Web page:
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PLoS One. 2011;6(8):e23968. doi: 10.1371/journal.pone.0023968. Epub 2011 Aug 24.

Apelin deficiency accelerates the progression of amyotrophic lateral sclerosis.

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  • 1Department of Pharmacotherapeutics, Faculty of Pharmaceutical Sciences, Setsunan University, Hirakata, Osaka, Japan.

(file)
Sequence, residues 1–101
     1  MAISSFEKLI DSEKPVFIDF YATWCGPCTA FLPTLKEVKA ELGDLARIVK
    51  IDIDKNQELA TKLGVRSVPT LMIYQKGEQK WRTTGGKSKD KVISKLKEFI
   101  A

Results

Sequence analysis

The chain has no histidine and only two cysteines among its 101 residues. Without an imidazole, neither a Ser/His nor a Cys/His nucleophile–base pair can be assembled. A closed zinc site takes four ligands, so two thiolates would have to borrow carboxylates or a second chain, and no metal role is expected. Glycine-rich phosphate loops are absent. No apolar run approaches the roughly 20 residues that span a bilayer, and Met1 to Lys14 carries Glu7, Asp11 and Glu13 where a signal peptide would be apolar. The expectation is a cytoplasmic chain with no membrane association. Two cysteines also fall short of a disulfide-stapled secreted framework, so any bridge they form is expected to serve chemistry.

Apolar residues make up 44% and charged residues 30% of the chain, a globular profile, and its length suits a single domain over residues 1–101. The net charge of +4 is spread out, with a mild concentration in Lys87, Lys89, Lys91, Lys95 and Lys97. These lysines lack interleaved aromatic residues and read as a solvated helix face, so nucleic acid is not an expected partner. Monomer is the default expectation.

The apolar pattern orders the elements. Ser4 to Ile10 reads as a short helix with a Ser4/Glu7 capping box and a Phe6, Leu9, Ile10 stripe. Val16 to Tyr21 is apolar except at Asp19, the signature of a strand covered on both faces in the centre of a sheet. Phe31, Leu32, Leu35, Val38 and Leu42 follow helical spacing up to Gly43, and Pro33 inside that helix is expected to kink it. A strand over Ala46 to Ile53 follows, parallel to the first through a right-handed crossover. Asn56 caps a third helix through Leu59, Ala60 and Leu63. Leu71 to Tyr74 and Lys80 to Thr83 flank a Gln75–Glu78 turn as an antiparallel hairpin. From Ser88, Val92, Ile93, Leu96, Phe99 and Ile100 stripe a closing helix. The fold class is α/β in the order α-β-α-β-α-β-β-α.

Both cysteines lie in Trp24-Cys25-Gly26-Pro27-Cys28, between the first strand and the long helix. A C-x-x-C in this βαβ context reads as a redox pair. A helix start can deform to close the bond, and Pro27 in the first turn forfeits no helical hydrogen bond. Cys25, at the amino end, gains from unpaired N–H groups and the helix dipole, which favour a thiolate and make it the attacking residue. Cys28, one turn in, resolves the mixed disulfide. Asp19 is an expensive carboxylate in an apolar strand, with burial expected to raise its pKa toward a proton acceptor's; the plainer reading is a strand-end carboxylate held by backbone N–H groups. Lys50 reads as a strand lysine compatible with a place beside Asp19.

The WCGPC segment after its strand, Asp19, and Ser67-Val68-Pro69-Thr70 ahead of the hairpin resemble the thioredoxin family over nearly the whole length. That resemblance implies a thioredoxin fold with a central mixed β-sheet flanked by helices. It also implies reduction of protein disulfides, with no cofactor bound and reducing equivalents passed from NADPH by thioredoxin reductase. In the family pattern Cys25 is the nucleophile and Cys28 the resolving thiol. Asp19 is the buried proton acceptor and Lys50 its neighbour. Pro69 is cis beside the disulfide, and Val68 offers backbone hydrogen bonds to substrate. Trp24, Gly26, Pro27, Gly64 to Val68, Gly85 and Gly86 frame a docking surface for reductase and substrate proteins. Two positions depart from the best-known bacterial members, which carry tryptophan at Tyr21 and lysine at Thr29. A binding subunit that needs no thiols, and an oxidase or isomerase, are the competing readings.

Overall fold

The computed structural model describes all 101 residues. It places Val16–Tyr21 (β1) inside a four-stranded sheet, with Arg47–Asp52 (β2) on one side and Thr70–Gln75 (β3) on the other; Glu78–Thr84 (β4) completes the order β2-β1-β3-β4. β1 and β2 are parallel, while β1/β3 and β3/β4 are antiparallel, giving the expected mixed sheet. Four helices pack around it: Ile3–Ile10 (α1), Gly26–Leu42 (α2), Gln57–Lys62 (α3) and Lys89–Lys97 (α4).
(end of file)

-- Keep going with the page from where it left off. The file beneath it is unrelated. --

Amyotrophic lateral sclerosis (ALS) is a neurodegenerative disease characterized by the selective loss of motor neurons. Recent studies have implicated that chronic hypoxia and insufficient vascular endothelial growth factor (VEGF)-dependent neuroprotection may lead to the degeneration of motor neurons in ALS. Expression of apelin, an endogenous ligand for the G protein-coupled receptor APJ, is regulated by hypoxia. In addition, recent reports suggest that apelin protects neurons against glutamate-induced excitotoxicity. Here, we examined whether apelin is an endogenous neuroprotective factor using SOD1(G93A) mouse model of ALS. In mouse CNS tissues, the highest expressions of both apelin and APJ mRNAs were detected in spinal cord. APJ immunoreactivity was observed in neuronal cell bodies located in gray matter of spinal cord. Although apelin mRNA expression in the spinal cord of wild-type mice was not changed from 4 to 18 weeks age, that of SOD1(G93A) mice was reduced along with the paralytic phenotype. In addition, double mutant apelin-deficient and SOD1(G93A) displayed the disease phenotypes earlier than SOD1(G93A) littermates. Immunohistochemical observation revealed that the number of motor neurons was decreased and microglia were activated in the spinal cord of the double mutant mice, indicating that apelin deficiency pathologically accelerated the progression of ALS. Furthermore, we showed that apelin enhanced the protective effect of VEGF on H(2)O(2)-induced neuronal death in primary neurons. These results suggest that apelin/APJ system in the spinal cord has a neuroprotective effect against the pathogenesis of ALS.

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